Just for fun, but it works…

As an aside to the Mock Wall project, I threw this together quickly, both because I love having a whiteboard up, and because it was there.


I gave myself bonus points for:
1) Using scrap materials (wood pieces),
2) Not damaging the whiteboard in any way, and,
3) Not permanently fastening ANYTHING that needs to be repaired later.

On that last note, the wall the whiteboard blocks are affixed to is a temporary wall, put up due to a missing picture window in the space beyond. 🙂

The mock wall

I’ve been known for creative, sometimes interesting (read: Wild) solutions to everyday problems, but this particular project was a personal pleasure for me, and something I designed and built myself. I love building things, but this little wall made me very happy!

This is a mock wall, 8′ high, 12′ wide, built half of 2×4 framing, and half of 2×6 framing. It’s purpose is to give us a place to mock up the new water management system we’re using on the house we’re rebuilding, and let all the contractors collaborate on how exactly each material and layer fits with the others.


The background here is that i’m the Owners Rep in this project (one of several services I offer!) and i’m handling a wide variety of tasks with the intention of keeping this project on track.

Being an Owners Rep is similar to being a Project Manager, with the key difference being that i’m assisting the owner in handling/managing things, not working for the construction company. This means i’m specifically looking out for the owners best interest (something I always did as a General Contractor or Handyman) and handling the day-to-day tasks and decisions for the owner. Among the many benefits to the owner that I bring to the table are, my extensive background in construction, my high attention to detail, and my vast organizational skills.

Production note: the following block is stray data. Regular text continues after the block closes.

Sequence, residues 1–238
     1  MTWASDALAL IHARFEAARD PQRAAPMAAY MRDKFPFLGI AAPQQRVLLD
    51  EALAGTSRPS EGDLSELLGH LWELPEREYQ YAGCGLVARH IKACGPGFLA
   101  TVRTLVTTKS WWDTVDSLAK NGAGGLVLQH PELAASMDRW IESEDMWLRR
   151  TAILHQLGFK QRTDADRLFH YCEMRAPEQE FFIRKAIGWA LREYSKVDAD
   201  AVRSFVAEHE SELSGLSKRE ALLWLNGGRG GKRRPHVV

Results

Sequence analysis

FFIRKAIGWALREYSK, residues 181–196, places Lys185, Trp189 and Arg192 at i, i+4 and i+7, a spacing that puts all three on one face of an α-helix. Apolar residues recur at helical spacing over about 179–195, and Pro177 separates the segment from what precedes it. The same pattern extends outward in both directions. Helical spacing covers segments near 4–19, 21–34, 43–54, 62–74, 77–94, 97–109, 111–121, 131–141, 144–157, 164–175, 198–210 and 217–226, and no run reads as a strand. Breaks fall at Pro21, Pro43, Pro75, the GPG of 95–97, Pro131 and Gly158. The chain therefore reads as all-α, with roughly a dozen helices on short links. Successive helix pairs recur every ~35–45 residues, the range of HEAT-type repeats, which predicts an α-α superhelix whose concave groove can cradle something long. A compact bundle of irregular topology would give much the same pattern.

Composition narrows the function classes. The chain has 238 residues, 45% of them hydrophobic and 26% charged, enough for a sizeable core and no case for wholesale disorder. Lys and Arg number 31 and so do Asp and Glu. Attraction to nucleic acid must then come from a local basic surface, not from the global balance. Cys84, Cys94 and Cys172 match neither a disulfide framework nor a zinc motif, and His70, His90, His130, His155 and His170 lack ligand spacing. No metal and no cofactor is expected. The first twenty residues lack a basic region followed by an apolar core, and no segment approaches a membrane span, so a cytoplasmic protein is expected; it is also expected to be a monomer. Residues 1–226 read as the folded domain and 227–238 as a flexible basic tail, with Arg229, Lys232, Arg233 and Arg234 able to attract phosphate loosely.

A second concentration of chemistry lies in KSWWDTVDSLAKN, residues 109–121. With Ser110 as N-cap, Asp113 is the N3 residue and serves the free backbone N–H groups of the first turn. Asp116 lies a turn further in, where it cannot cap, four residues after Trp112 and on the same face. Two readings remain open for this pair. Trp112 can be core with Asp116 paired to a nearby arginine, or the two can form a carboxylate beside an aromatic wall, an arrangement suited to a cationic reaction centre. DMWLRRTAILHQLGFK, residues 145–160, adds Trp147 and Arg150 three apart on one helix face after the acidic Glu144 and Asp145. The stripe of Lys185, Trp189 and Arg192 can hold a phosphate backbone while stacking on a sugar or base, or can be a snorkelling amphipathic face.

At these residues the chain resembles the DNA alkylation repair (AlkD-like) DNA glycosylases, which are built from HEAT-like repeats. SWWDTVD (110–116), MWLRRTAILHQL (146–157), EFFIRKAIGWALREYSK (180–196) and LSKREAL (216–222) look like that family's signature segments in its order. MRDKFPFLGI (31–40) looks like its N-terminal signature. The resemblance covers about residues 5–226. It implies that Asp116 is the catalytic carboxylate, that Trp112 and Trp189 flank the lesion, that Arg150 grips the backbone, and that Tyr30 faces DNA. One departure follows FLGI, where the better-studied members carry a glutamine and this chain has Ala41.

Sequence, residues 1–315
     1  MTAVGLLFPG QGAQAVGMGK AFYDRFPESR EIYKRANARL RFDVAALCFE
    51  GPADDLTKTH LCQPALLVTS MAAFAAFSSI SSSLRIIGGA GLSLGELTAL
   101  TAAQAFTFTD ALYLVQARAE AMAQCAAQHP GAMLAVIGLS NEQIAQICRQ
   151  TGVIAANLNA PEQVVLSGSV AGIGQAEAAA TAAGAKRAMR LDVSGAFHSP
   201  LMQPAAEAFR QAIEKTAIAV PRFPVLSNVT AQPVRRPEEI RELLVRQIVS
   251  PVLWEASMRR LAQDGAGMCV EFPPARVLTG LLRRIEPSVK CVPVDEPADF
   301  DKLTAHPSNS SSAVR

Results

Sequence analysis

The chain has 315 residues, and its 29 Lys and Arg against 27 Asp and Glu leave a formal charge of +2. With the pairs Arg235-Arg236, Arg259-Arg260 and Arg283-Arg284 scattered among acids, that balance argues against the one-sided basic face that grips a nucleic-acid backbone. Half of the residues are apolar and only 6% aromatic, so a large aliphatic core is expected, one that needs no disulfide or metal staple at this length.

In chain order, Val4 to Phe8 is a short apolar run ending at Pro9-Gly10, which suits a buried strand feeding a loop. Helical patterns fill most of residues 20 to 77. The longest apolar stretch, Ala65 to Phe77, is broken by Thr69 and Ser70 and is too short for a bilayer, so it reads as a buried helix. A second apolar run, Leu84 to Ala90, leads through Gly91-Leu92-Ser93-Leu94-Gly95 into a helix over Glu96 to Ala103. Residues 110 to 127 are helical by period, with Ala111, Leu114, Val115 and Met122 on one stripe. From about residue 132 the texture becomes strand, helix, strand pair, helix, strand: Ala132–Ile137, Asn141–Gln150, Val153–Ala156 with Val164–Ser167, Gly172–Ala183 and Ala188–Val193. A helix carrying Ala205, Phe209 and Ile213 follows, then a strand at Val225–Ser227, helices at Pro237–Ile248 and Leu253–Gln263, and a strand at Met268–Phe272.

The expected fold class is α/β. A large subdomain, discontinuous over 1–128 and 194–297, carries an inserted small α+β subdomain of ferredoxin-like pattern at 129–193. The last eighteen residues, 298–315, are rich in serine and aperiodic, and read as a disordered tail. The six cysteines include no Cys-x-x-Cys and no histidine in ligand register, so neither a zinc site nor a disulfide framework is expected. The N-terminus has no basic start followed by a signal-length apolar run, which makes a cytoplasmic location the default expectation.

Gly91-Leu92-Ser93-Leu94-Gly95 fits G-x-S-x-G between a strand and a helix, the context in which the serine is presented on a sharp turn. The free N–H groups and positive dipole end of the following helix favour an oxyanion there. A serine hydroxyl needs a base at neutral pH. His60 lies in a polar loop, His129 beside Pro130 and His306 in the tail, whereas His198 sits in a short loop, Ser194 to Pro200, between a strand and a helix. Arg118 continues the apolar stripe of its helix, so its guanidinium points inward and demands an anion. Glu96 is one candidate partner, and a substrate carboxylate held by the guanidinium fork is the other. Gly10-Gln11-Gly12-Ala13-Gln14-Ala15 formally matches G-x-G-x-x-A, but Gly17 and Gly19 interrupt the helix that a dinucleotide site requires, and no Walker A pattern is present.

Some days are more fun than others, but this wall has been a centerpiece of sorts for me in this project, and I like it. 🙂

Tower Time

‘Twas a beautiful, sunny day in Georgia, and the sunshine found me around a hundred feet up in a tower. Some fellow Amateur Radio operators and I teamed up to resolve a weak transmit issue with a local repeater system, and while I freely admit that the rest of the team did all the technical work, I was the only who got high on this mission ;P.

All kidding aside, there were a couple of interesting parts to touch on. The first one, as my faithful readers will have guessed, is safety. I am aware that many thousands of people have climbed a tower in the past, perhaps many times, without all the standard safety gear, and it’s ‘been fine’. Whoopie. Rule #1 is safety, so I was there in full ‘battle rattle’; harness, with suspension seat, helmet, toolbag, and assorted doo-dads and gizmos to help me stay tied off to the tower. I recommend you always use all of the required safety gear, and a little more than when needed, because it’s not fun to get your radio system up to snuff on the tower, only to not be able to play with for a few weeks or months while you’re a body cast.